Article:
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U.S. sues Rite Aid, saying it ignored ‘red flags’ in opioid prescriptions

Tablets of the opioid painkiller oxycodone. (Eric Baradat/AFP/Getty Images)
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The U.S. government is suing Rite Aid, alleging that the drugstore chain and its employees ignored “obvious red flags” in opioid prescriptions for years, contributing to an epidemic that continues to kill tens of thousands of Americans each year.

The Justice Department complaint states that, between May 2014 and June 2019, Rite Aid pharmacists filled hundreds of thousands of prescriptions for controlled substances, including opioids, that were “medically unnecessary” or that should have aroused suspicions because they “lacked a medically accepted indication, or were not issued in the usual course of professional practice.”

The department said Rite Aid pharmacists either “ignored these red flags” or made no or too little effort to investigate. Rite Aid management, for its part, turned a blind eye and at times reprimanded employees who raised concerns, in an apparent violation of federal laws, it said.

“The Justice Department is using every tool at our disposal to confront the opioid epidemic that is killing Americans and shattering communities across the country,” Attorney General Merrick Garland said Monday in a statement.

Rite Aid declined to comment on pending litigation. Rite Aid is one of the largest pharmacy chains in the United States, with over 2,300 stores and 6,300 pharmacists in 17 states.

Pharmacy chains face October 2020 trial over their role in the opioid crisis

The government’s complaint says Rite Aid pharmacists repeatedly filled prescriptions for a trifecta of opioids, benzodiazepines and muscle relaxants (known as “trinities”) and refilled opioid prescriptions early, even though patients’ supplies should not yet have run out. They also filled prescriptions for suspiciously high doses or excessive quantities of opioids, as well as prescriptions from clinicians who had already been flagged as “writing illegitimate prescriptions.”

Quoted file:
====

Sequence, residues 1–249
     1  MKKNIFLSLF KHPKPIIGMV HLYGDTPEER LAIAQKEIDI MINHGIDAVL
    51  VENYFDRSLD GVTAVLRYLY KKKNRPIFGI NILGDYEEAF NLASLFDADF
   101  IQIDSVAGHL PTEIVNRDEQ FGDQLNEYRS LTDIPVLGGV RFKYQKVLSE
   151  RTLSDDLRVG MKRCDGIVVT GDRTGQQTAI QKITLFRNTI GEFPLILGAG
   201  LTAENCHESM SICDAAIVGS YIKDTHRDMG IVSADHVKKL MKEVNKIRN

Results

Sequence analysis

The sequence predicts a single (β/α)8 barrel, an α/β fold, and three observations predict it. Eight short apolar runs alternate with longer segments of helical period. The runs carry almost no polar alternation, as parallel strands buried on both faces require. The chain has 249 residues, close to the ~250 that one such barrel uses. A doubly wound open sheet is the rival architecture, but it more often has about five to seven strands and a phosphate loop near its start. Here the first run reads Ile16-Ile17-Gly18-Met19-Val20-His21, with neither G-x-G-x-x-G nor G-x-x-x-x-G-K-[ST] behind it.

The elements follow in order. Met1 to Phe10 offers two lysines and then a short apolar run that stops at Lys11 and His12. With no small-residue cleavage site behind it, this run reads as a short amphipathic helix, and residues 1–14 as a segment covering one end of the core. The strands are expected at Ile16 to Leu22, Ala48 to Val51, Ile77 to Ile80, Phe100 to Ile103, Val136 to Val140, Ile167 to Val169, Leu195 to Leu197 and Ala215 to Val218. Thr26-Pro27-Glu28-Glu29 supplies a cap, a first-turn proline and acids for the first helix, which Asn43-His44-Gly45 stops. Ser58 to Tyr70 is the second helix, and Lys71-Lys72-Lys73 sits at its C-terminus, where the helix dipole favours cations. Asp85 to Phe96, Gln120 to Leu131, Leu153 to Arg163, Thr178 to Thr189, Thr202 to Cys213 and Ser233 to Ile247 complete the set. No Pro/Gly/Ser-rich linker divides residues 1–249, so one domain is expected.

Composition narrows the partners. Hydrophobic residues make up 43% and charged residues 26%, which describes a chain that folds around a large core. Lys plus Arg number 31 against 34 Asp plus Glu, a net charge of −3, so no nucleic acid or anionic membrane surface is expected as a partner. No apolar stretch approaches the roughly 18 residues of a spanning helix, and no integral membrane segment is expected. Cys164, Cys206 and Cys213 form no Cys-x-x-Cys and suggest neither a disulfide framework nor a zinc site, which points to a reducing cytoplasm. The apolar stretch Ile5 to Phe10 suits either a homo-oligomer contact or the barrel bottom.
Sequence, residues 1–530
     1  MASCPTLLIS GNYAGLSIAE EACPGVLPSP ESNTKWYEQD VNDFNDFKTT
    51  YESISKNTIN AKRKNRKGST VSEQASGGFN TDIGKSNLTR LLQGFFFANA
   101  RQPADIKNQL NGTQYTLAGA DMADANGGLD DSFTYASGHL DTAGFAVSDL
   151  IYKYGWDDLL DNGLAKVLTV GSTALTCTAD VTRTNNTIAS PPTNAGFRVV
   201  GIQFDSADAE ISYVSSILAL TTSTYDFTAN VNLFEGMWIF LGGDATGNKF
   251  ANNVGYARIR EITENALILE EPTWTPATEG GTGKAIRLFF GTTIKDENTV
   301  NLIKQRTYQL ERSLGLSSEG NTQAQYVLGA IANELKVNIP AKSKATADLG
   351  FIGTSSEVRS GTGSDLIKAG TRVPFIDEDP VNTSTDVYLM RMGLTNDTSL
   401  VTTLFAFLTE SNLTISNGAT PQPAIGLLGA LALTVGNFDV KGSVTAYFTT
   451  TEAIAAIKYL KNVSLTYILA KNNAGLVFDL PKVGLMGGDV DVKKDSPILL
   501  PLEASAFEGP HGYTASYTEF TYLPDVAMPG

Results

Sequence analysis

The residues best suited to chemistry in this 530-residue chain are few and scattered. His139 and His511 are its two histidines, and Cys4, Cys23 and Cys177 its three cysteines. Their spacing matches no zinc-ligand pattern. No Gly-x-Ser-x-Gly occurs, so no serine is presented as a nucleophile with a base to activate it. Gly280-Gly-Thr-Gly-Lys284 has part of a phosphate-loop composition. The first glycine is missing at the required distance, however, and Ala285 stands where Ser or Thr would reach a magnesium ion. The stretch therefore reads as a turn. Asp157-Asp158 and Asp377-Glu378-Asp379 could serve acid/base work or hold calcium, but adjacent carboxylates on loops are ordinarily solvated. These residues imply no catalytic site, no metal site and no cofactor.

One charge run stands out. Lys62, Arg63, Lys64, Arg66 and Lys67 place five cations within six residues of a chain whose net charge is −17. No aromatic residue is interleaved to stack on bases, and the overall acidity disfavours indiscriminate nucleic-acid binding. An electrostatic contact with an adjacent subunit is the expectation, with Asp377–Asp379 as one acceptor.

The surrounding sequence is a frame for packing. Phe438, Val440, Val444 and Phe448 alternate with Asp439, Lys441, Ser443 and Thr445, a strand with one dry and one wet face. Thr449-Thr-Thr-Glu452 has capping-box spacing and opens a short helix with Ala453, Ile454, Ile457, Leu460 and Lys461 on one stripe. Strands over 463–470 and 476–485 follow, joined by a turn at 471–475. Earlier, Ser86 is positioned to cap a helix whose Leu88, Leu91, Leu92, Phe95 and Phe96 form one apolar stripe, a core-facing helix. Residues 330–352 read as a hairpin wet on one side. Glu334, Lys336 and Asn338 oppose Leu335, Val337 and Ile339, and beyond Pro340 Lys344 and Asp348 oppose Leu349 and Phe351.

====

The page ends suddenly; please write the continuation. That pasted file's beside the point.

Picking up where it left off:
The government alleged that “at least hundreds of thousands” of prescriptions that “did not meet legal requirements” were filled, in an apparent violation of the Controlled Substances Act. As prescriptions were filled, Rite Aid submitted “false or fraudulent claims” for reimbursement to federal health-care programs like Medicare and Medicaid — a violation of the False Claims Act, according to the complaint.

When Rite Aid employees flagged concerns internally, these were often dismissed. According to the complaint, the group’s government affairs department directed another Rite Aid department to delete warnings left by employees in Rite Aid’s dispensing software that could indicate problems. This included notes like “writing excessive dose[s] for oxycodone” and “DO NOT FILL CONTROLS.”

In 2015, an analyst in Rite Aid’s government affairs department reprimanded a pharmacist after the pharmacist left a note on a prescriber profile that read, “this may be a cash only pill mill??? verify and notate.” The analyst said the note would be removed and advised the pharmacist to “remember to always be very cautious of what is put in writing.”

These actions “opened the floodgates for millions of opioid pills and other controlled substances to flow illegally out of Rite Aid’s stores,” Associate Attorney General Vanita Gupta said.

The Opioid Files: How the opioid epidemic evolved

The Justice Department joined a whistleblower lawsuit in the Northern District of Ohio that was originally filed in 2019 by two Rite Aid employees who worked in pharmacies in North Carolina and West Virginia.

Principal Deputy Assistant Attorney General Brian M. Boynton said the lawsuit is a “reminder that the Justice Department will hold accountable any individuals or entities, including pharmacies, that fueled this terrible crisis.”

CVS, Walgreens agree to settle opioid lawsuits for $10 billion

Last year, CVS Health and Walgreens, two of the nation’s largest retail pharmacies, agreed to pay about $10 billion to states, cities and Native American tribes over 10 to 15 years to settle all opioid lawsuits against them. As part of the settlement agreement, the companies did not admit wrongdoing.

There were over 106,000 drug overdose deaths in the United States in 2021.

Rachel Lerman and Meryl Kornfield contributed to this report.